Private label funds – collective investment vehicles for HNWIsDate: 15/07/2020 Type: Articles Topic: Private Client | Next Generation Wealth | Investment and HNWI’s | Author: Richard Grasby – RDG Fiduciary Services
Collective investment vehicles are very familiar to high net worth investors (“HNWIs”) and their connected structures (trusts/family offices etc). In fact, many such HNWIs are key investors for new fund launches. Most such funds are put together by wealth managers looking to profit from the management of the fund. There is a key rule to bear in mind - all investors of the same class should be treated equally. The fact that one investor is wealthier or strategically more important to the manager does not in itself give such investor any priority – particularly in terms of redemption rights. Preferential treatment would need to be permitted via side letter or different classes of shares and can result in disputes between investors who each want to get the best deal!
Sizeable investors are therefore attracted by having their own fund vehicle- aka “the private label fund”. Many private banks are offering such a service to their wealthy clients. But what are the main advantages of this arrangement?
Firstly, the investor (or the selected group of investors) is isolated from other investors. The client can dictate all the terms. Subject to any local regulations, choice of manager (potentially a family member), removal of manager, investment mandate, fees, redemption rights, valuation details, information rights, service providers and others are all chosen by the investors.
Second, the use of a fund vehicle gives the client an additional layer to aid confidentiality and, if the fund is regulated, the consequence is that the underlying investment is being made by a regulated entity rather than one or more individuals. There may also be potential for tax deferral if gains are made / dividends are received to a fund vehicle in a suitable jurisdiction.
Third, where there is more than one investor there is a pooling of assets which can give advantages in terms of buying power / access to deals, negotiating strength, the enhanced value of larger aggregated holdings, streamlined due diligence and increased investment diversification.
Fourth, it is easier to allow family members in and out of the “family investments” if there is a consolidated fund and a valuation mechanism. If, for example, a sibling wishes to “go-it-alone” there should be a clear mechanism for this to happen. Either the fund can redeem their holding at agreed values or other investors buy their shares at an agreed value (insurance and borrowing may come into play to fund this). It may be possible to do this without breaking up certain investment positions. Without such pooling it would be necessary to buy/sell/ transfer a portion of each investment whenever such an event occurred. This also assists with disruptive events such as death or divorce where the economic impact can be concentrated into dealing with one holding in one jurisdiction (i.e. the fund). A word of warning, there may well be sound planning to have assets and structures in more than one jurisdiction and structure type so a private label fund ought not contain all of the family wealth.
Fifth, with such a structure, it is possible to allow family members / trustees exposure to investments but without any direct ownership or control of such investments. Limited partnership interests or non-voting shares are two such options. Control is retained in the hands of the general partner or voting shareholders. Succession planning and restricting participation to certain persons is often a key part of a private label fund and it is important that the advisers and service providers are able to offer such advice as well as fund-specific expertise.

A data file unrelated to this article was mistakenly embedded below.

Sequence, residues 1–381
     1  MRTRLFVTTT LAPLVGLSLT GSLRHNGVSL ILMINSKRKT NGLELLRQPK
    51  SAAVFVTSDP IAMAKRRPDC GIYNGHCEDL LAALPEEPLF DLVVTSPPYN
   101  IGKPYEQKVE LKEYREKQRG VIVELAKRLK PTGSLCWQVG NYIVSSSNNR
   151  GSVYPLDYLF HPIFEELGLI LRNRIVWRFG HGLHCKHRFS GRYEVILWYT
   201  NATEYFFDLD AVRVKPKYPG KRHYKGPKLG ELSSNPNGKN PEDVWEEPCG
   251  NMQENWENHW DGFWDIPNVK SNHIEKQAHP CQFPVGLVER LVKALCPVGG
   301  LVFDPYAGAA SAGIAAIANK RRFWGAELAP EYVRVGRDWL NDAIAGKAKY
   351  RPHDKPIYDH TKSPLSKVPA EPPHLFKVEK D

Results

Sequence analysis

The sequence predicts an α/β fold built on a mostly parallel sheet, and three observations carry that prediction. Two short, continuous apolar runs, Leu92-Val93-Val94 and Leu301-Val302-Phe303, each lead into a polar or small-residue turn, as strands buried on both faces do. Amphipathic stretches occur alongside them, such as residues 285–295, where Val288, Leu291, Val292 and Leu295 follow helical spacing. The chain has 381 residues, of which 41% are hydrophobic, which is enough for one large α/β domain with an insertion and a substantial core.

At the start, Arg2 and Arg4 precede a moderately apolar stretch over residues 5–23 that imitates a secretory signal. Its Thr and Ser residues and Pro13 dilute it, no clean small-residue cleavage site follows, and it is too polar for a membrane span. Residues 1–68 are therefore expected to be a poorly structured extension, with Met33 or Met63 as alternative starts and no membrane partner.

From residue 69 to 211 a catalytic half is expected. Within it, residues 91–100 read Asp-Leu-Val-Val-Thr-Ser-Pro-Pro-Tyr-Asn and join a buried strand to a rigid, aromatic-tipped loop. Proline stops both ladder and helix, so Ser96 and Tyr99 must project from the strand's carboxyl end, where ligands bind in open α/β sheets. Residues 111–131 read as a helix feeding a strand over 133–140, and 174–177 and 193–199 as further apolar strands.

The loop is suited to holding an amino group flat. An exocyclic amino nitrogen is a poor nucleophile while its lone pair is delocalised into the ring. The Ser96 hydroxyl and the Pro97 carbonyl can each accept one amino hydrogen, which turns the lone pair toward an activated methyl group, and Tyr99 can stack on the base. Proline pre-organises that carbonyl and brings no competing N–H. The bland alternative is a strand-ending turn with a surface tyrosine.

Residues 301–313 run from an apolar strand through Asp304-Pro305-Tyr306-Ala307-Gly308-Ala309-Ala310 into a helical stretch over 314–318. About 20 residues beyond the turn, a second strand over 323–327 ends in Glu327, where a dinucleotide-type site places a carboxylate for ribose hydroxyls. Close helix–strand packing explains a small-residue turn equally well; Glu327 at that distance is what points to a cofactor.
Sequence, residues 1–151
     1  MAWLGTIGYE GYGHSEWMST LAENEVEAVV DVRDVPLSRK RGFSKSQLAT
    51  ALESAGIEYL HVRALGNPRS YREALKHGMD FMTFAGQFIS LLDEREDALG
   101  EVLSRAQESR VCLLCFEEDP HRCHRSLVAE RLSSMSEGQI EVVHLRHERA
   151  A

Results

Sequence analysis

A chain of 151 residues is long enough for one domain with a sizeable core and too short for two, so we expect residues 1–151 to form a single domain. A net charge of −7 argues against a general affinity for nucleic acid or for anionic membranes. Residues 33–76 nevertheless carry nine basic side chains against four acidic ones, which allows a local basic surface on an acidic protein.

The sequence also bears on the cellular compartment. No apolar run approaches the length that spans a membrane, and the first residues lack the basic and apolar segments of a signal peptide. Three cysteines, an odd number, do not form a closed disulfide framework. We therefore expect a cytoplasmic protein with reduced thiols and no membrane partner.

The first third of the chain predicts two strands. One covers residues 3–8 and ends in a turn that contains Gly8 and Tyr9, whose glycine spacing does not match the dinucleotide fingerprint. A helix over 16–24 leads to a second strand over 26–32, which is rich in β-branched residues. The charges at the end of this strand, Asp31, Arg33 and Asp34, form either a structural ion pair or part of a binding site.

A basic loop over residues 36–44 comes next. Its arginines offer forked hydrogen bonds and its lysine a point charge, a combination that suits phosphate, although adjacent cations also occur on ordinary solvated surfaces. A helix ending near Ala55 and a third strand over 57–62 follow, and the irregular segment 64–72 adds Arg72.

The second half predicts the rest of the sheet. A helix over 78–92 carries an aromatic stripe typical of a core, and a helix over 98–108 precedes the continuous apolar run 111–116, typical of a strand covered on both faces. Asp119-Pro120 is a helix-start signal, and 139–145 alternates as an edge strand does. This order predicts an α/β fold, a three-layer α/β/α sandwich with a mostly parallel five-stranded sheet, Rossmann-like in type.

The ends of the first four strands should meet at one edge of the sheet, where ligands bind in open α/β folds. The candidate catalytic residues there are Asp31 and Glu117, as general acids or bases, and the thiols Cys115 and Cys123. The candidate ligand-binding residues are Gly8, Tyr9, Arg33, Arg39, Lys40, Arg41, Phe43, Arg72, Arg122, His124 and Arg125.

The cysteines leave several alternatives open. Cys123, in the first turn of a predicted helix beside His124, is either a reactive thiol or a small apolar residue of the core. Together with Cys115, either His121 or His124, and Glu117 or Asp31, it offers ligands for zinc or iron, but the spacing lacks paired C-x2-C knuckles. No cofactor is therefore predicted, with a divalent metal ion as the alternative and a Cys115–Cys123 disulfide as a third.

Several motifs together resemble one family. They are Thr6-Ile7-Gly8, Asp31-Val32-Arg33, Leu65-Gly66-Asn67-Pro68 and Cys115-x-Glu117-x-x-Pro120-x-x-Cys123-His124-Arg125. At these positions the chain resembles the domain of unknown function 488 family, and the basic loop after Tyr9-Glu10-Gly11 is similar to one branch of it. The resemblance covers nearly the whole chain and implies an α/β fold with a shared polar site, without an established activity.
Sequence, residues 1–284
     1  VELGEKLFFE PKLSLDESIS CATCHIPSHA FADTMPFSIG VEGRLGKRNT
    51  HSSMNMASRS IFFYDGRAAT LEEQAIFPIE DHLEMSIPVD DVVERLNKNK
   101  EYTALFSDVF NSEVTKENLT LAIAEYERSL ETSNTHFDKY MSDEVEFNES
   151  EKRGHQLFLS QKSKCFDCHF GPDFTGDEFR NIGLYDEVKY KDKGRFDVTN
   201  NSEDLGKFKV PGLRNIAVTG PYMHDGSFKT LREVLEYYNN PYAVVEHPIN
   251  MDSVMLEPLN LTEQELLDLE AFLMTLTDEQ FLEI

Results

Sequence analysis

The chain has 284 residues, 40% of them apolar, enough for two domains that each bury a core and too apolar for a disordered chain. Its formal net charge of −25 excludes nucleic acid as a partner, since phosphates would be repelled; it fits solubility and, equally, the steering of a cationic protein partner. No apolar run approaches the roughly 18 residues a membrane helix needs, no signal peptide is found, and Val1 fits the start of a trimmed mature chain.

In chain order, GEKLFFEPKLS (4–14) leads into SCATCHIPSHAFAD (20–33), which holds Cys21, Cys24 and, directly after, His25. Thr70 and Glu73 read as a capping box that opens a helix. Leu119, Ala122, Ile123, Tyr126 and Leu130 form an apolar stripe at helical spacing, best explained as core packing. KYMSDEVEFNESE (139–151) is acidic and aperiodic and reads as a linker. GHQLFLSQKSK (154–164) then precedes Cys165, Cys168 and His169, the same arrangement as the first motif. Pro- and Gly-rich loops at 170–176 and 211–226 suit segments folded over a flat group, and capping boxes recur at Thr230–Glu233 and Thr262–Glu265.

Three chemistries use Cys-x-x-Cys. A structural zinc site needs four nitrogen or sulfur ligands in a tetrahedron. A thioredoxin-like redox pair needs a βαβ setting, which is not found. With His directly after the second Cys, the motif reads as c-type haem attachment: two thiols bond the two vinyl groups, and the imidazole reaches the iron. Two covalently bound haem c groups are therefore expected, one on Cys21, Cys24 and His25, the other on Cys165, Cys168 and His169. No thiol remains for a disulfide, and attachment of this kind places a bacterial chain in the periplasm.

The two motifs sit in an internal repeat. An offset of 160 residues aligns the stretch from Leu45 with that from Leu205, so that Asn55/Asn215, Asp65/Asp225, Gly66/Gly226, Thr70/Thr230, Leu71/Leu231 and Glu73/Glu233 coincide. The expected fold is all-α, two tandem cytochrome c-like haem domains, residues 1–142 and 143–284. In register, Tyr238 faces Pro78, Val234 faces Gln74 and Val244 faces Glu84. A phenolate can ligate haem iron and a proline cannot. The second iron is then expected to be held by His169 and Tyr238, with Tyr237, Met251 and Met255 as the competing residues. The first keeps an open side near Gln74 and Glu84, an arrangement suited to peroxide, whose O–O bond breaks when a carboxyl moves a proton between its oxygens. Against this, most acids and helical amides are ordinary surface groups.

Sixth, personalized fund structures can in certain instances be a springboard to setting up a family office and obtaining residence for family members in a particular jurisdiction (see for example Singapore).
So what is required for such a private label fund to be set-up?
- Choice of jurisdiction. This will involve many factors – ease of establishment, cost, regulatory regime, tax etc. Recent developments affecting many offshore centres have resulted in more regulation and compliance for collective investment vehicles – particularly in respect of filings, audit and AML.
- Entity type. Company, trust, limited partnership, cell company, LLC etc. This will depend on jurisdiction, investor familiarity, cost etc.
- Terms. Who may invest? What will be done with the funds? How are valuations done and by whom? How can other family members invest or get out of the fund? Does there need to be pre-emption rights? Put and call? Drag and tag?
- Assets. What assets should be in the fund? In theory any asset can be placed in the fund. Notwithstanding the advantages certain assets may not be best suited to be pooled with others. Aircraft and ships for example may have liability issues and necessitate segregation. Works of art to which certain family members have a particular affinity are perhaps better off not being pooled! As mentioned above there may also be merit in a certain degree of diversification.
- Service providers. The private label fund will need legal, compliance, administration/valuation, custody, brokerage and audit. A decision will need to be made as to who will manage the assets and whether a management entity needs to be set up for the family.
Tailored fund vehicles can offer many advantages to HNW families but there is no “one-size-fits-all”. A corporate structure to organize family assets is often far more understood by wealthy families than traditional trust structures and more likely to be executed. It is crucial as with many such matters to get appropriate advice.
 Depending on the jurisdiction and the chosen structure there are likely to be several formalities that cannot be ignored.